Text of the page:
ruins of Byzantine monastery beneath Golan bluffs at el-Kursi 
on east shore of sea of Galilee 


Fertile plateau region on the east side of the Jordan river, north of the river Yarmuk, with steep cliffs descending to the north eastern shore of the sea of Galilee.

bend in the Yarmuk (green) 
separating Golan (Syria, left) from the Decapolis (Jordan, right) 

In early Israelite times, the Golan was settled by part of the tribe of Manasseh; & early Israelite tradition designated the city for which the region was named a place of refuge [Deut 4:43]. For more than a century the Romans assigned this district, which they called Gaulanitis, to the administration of Herod (ca. 20 BCE) & his heirs through Agrippa II (d. 92 CE). During the 1st c. CE the region was fairly densely populated, with several settlements like Gamala fiercely loyal to the cause of Jewish independence from Rome. In Jesus' lifetime, the Golan belonged to the tetrarchy of Philip. Though not named in the gospels, the Golan fits the description of scenes in which Jesus goes into the hills after crossing the sea of Galilee.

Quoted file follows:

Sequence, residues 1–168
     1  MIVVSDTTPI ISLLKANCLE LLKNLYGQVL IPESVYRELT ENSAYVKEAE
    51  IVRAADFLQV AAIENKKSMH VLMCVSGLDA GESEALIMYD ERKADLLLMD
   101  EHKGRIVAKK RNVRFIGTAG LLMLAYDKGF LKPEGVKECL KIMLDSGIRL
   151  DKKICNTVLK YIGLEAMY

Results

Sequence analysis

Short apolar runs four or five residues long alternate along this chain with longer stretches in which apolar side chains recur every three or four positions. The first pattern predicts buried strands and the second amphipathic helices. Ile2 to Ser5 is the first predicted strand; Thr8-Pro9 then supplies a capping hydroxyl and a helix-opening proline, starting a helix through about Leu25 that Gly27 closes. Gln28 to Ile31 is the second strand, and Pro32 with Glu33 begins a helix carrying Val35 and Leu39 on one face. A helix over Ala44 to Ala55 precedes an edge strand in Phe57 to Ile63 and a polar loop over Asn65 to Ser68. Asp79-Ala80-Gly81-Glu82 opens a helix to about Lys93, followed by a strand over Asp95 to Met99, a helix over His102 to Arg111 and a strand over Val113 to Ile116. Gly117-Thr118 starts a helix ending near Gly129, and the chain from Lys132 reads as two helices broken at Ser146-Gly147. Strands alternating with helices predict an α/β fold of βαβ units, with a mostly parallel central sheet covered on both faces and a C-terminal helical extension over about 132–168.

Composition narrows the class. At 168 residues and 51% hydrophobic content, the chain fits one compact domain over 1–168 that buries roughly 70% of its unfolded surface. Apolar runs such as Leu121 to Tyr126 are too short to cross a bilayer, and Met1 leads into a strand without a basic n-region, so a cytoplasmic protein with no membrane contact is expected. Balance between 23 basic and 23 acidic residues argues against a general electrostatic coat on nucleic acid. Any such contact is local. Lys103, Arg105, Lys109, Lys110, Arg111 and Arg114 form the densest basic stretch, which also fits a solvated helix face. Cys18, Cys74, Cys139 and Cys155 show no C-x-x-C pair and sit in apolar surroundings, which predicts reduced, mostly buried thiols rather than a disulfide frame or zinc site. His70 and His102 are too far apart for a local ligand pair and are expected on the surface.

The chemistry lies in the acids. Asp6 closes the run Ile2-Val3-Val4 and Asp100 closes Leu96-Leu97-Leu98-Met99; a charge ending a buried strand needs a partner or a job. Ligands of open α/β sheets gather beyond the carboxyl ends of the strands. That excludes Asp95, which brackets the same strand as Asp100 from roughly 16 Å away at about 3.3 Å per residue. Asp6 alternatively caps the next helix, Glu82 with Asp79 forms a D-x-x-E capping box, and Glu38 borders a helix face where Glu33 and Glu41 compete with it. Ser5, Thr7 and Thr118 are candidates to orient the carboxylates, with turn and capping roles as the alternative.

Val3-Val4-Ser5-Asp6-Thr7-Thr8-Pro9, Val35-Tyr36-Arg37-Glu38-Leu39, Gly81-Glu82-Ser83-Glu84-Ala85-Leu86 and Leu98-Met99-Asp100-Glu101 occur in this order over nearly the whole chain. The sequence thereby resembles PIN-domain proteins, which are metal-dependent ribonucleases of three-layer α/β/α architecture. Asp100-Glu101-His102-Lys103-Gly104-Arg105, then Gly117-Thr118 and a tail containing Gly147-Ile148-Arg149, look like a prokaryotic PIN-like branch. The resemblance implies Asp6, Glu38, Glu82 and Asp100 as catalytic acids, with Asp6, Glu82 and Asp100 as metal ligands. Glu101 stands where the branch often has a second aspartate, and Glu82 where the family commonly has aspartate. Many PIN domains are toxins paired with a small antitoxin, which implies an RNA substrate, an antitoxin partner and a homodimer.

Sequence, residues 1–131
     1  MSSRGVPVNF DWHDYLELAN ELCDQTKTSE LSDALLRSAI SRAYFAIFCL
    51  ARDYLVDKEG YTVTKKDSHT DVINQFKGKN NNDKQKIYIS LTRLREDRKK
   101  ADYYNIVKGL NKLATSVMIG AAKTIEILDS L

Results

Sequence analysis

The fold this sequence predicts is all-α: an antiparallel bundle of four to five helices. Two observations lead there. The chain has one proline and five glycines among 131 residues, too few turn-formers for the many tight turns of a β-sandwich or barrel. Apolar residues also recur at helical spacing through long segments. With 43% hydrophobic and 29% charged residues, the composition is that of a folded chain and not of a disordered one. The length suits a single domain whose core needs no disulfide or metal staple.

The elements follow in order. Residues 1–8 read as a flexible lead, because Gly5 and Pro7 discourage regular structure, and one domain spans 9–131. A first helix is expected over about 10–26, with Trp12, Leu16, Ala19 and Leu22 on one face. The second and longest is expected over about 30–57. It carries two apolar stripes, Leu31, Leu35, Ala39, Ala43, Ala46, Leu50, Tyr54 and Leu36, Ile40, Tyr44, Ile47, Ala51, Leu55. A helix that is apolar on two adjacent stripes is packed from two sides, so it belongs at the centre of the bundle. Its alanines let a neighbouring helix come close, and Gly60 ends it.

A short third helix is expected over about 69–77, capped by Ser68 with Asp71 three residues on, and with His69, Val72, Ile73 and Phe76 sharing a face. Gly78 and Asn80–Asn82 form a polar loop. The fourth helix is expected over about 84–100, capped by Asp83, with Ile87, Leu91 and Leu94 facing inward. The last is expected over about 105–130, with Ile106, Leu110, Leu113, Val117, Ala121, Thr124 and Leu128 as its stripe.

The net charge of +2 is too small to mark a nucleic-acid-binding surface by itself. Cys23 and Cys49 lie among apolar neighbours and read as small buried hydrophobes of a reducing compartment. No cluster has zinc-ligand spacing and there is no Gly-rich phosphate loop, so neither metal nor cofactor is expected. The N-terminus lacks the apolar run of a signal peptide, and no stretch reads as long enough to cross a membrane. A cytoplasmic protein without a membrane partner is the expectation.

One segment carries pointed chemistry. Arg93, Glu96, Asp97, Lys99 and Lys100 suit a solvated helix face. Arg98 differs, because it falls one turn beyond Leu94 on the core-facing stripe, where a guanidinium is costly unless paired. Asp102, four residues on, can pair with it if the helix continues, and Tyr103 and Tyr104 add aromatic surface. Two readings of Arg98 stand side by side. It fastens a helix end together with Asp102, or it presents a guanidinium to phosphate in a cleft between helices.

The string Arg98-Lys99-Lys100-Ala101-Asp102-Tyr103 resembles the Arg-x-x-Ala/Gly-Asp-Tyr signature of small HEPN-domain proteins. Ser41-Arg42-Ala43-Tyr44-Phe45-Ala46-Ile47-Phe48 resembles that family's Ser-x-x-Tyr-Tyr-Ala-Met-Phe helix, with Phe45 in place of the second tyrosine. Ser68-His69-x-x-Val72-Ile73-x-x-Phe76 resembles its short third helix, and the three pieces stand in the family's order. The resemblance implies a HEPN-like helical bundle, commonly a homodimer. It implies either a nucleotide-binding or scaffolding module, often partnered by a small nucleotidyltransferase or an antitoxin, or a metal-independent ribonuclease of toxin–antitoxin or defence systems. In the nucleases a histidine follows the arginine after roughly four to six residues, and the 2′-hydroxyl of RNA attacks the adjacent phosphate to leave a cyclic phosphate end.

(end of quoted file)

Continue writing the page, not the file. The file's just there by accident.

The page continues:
Arab village at oasis in the Golan

For further information about archaeological & historical evidence, see:

  • Buttrick, G. A., ed. Interpreter's Dictionary of the Bible. vol. 2 (NY/Nashville: Abingdon Press, 1962) p. 437.

Other resources on line:

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